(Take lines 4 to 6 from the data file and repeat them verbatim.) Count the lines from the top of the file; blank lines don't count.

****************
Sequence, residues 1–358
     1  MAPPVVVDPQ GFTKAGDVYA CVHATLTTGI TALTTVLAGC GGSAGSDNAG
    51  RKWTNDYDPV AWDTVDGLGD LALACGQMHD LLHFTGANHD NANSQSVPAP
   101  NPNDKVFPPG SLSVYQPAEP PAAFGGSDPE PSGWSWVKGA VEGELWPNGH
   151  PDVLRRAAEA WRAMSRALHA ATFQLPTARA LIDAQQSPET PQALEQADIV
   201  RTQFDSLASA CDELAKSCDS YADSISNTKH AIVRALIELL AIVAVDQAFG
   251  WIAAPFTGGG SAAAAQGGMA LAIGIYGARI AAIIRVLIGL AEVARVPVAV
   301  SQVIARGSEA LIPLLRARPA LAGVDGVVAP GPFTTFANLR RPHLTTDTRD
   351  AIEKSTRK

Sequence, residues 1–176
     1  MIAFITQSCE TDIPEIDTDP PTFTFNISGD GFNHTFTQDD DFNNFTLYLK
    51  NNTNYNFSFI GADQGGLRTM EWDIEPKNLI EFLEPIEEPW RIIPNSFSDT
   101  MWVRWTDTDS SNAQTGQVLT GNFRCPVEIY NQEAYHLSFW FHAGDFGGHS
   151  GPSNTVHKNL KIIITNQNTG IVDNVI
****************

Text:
   101  NPNDKVFPPG SLSVYQPAEP PAAFGGSDPE PSGWSWVKGA VEGELWPNGH
   151  PDVLRRAAEA WRAMSRALHA ATFQLPTARA LIDAQQSPET PQALEQADIV
   201  RTQFDSLASA CDELAKSCDS YADSISNTKH AIVRALIELL AIVAVDQAFG